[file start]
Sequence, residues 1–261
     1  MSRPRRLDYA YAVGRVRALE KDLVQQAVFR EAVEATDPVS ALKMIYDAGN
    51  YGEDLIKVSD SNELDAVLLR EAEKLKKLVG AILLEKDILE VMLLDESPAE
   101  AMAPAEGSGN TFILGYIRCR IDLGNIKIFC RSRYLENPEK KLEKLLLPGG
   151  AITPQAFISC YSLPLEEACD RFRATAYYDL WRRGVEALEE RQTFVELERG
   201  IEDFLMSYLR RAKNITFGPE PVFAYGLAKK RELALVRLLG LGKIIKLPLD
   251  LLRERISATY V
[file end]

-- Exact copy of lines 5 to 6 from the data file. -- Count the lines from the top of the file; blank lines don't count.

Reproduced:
   151  AITPQAFISC YSLPLEEACD RFRATAYYDL WRRGVEALEE RQTFVELERG
   201  IEDFLMSYLR RAKNITFGPE PVFAYGLAKK RELALVRLLG LGKIIKLPLD